All educators want to believe that teachers love kids and are true advocates of them. We remember with warmth and appreciation those teachers who spotted our strengths, loved our quirks, and inspired and challenged us to dream big and do our best. In fact, it is often the memory of those teachers who inspired us to become educators ourselves.
Yet almost everyone also has a story about a teacher who made them feel small and worthless. Those memories do much harm.
Brene Brown spoke about this issue in Daring Greatly. She said, “One reason that I’m confident that shame exists in schools is simply because 85 percent of the men and women we interviewed for the shame research could recall a school incident from their childhood that was so shaming that it changed how they thought of themselves as learners. What makes this even more haunting is that approximately half of those recollections were what I refer to as creativity scars. The research participants could point to a specific incident where they were told or shown that they weren’t good writers, artists, musicians, dancers, or something creative. This helps explain why the gremlins are so powerful when it comes to creativity and innovation.”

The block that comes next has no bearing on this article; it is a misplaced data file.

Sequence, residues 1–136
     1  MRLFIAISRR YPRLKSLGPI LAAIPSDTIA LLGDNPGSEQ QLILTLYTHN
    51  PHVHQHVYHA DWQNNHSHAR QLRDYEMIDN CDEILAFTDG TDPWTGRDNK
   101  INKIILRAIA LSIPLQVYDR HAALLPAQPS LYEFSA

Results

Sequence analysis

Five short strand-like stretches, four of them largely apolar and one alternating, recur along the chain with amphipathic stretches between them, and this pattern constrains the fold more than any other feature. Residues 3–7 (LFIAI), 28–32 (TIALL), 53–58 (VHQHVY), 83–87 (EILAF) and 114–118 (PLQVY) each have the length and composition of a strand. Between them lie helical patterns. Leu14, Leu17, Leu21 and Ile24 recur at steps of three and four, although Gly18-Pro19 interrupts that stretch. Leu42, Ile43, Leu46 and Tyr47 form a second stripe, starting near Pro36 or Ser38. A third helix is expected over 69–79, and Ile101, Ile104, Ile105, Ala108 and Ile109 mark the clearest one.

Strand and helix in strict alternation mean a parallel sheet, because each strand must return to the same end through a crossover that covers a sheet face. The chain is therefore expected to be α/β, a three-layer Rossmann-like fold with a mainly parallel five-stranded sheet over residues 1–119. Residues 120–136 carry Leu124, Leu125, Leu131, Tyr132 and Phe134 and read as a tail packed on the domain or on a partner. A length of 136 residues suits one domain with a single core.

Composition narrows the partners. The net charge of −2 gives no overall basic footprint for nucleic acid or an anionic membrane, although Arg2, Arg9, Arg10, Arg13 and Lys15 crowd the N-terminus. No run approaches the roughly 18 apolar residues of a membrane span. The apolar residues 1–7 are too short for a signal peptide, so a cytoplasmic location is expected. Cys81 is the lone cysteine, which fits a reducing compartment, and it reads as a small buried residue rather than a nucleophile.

As we get ready to start another school year, it is very important that we show up as Capacity Builders—for kids and for the adults with whom we work. Look for stories we can tell each other about the abilities, creativity, resourcefulness, and resilience we see in each child and adult around us.
This video clip entitled “Career Day” from the movie You, Me, and Depree, is a good reminder for us all. https://www.youtube.com/watch?v=uAMrR05Xil8
We all have special gifts and talents to bring to the world. Let our schools be places where we nurture and care for stories about individual worth and value. Let’s become Big Tents where the contributions of each person are recognized and honored.